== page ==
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* The WoodyWoodpecker DVD collections (the two official sets) got a very nasty case of DVNR treatment, terrible color correction and blatant digital compression issues the ones that get hit the worst are the shorts directed by Shamus Culhane and Dick Lundy (i.e., "the best shorts"). Curiously, the earlier, sloppier shorts were considerably less ravaged. The unofficial Columbia House mail-order DVD sets use the unaltered prints, however. The B&W bonus cartoons got hit with this too; while the Oswald Rabbit shorts "Hells Heels" and "Spooks" only has it in only minor form, "Grandma's Pet" has some really bad line and art erasing issues.



* One particularly notorious example of Digital Destruction would be the infamous ''BettyBoop: The Definitive Collection'' series of VHS tapes and Laserdiscs. In ''every single short'' there is blatantly obvious, horrendous line thinning and erasing. Fortunately, Olive Films came to the rescue in late 2013 by re-releasing Betty Boop shorts with exquisite restorations that are completely devoid of DVNR--the only downside being that some of the pre-1933 shorts have their aspect ratio slightly cropped.

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* One particularly notorious example of Digital Destruction would be the infamous ''BettyBoop: The Definitive Collection'' series of VHS tapes and Laserdiscs. In ''every single short'' there is blatantly obvious, horrendous line thinning and erasing. Fortunately, Olive Films came to the rescue in late 2013 by re-releasing Betty Boop shorts with exquisite restorations that are completely devoid of DVNR--the only downside being that some of the pre-1933 shorts have their aspect ratio slightly cropped.cropped, most notably ''Snow White'', which has a good chunk of the top of the screen cropped for no good reason.
25th Jul '16 8:38:44 AM Prinzenick
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It bears noting that DVNR (Digital Video Noise Reduction) line damage is a ''very'' common problem among cartoon DVD releases. The reason for this is because the program was designed to remove scratches and dirt from older films by comparing adjacent frames and taking elements from another frame to remove damage. While this usually works fine for a live action film (although it likewise can cause motion smearing and picture damage if used carelessly), in animation (especially animation shot on ones, or one new drawing per frame) the DVNR process can easily mistake details or linework as dirt or scratches, and can accidentally delete whole details from the drawings as a result if the process isn't properly used. Grain Smoothing is also considered to be a serious liability in restoring old cartoons, since it can likewise snuff out details or linework if used carelessly. Another reason DVNR is so often (ab)used is because its an automated process, and is much cheaper and quicker to use than DRS (Digital Restoration Services), which require going through the film frame by frame to clean them up at great expense and time.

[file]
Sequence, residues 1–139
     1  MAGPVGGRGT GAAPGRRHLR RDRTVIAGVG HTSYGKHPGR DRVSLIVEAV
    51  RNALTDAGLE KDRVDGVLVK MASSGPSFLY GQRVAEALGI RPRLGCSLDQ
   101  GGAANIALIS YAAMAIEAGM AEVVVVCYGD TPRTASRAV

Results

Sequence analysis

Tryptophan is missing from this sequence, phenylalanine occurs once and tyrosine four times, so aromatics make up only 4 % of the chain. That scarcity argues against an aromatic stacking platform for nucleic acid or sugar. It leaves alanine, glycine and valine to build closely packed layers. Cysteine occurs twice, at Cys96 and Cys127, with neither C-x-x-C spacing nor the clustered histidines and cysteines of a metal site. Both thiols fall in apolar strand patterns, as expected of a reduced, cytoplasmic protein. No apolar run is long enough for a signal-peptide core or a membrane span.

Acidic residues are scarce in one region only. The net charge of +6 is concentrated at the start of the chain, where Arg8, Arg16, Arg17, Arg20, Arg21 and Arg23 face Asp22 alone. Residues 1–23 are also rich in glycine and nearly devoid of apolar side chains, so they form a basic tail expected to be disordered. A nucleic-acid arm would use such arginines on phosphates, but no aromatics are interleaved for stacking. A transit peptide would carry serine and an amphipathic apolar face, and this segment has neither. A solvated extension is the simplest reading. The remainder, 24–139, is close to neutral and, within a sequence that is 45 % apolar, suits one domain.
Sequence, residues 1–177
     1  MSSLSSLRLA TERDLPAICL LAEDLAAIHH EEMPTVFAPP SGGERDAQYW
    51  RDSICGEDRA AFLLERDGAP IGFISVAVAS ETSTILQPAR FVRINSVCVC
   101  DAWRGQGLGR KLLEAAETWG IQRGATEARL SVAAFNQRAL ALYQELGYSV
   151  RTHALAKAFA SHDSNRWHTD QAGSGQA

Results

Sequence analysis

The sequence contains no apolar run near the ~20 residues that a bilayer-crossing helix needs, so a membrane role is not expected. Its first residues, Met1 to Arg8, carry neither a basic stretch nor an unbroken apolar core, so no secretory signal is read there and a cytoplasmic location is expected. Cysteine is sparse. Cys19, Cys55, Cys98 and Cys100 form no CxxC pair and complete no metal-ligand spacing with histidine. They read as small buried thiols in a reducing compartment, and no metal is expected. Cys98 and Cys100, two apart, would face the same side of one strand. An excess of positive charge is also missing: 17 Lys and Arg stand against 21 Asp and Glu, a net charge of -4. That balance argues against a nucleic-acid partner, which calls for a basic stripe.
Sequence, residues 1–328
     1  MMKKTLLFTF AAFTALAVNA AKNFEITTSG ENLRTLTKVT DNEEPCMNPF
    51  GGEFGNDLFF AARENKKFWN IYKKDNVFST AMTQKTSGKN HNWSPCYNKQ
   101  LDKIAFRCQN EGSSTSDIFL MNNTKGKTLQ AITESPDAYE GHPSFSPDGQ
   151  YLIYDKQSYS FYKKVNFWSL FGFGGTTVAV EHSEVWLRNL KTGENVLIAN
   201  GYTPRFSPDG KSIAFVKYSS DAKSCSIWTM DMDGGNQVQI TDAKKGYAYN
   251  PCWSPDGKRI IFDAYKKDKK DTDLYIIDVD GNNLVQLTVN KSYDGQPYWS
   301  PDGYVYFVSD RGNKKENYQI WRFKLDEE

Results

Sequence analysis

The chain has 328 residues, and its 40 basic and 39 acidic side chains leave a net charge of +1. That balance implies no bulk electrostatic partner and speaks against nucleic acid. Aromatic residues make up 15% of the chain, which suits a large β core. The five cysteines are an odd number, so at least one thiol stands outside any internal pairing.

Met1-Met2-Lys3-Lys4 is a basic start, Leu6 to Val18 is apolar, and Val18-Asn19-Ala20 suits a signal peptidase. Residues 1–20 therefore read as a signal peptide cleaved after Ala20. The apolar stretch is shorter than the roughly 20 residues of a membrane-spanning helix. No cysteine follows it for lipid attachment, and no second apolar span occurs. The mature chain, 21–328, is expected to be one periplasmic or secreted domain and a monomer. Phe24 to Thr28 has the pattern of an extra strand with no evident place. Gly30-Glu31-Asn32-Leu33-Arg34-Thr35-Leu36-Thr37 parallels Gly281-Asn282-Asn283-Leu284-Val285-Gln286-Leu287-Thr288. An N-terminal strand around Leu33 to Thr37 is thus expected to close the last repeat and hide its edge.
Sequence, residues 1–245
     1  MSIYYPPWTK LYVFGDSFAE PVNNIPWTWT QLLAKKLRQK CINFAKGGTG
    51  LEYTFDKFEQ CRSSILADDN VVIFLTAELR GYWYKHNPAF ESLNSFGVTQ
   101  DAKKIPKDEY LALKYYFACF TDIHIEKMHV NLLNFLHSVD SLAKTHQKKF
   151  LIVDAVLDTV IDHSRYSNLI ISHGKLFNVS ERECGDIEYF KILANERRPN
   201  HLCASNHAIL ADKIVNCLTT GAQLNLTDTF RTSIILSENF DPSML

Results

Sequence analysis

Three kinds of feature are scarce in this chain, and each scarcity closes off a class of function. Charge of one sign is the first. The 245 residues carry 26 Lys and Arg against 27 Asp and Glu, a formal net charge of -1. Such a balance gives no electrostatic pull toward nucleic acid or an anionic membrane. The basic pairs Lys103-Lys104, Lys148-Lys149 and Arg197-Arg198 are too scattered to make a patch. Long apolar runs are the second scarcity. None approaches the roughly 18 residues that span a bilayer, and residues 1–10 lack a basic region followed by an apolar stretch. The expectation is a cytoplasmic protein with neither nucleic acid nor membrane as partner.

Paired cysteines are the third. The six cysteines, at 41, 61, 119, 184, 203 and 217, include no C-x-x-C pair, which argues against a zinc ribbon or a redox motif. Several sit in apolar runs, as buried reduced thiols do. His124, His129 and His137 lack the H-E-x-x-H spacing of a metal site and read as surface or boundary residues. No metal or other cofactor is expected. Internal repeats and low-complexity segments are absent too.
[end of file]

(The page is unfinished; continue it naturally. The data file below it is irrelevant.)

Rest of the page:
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It bears noting that DVNR (Digital Video Noise Reduction) line damage is a ''very'' common problem among cartoon DVD releases. The reason for this is because the program was designed to remove scratches and dirt from older films by comparing adjacent frames and taking elements from another frame to remove damage. While this usually works fine for a live action film (although it likewise can cause motion smearing and picture damage if used carelessly), in animation (especially animation shot on ones, or one new drawing per frame) the DVNR process can easily mistake details or linework as dirt or scratches, and can accidentally delete whole details from the drawings as a result if the process isn't properly used. Grain Smoothing is also considered to be a serious liability to use in restoring old cartoons, since it can likewise snuff out details or linework if used carelessly. Another reason DVNR is so often (ab)used is because its an automated process, and is much cheaper and quicker to use than DRS (Digital Restoration Services), which require going through the film frame by frame to clean them up at great expense and time.
25th Jul '16 8:37:17 AM Prinzenick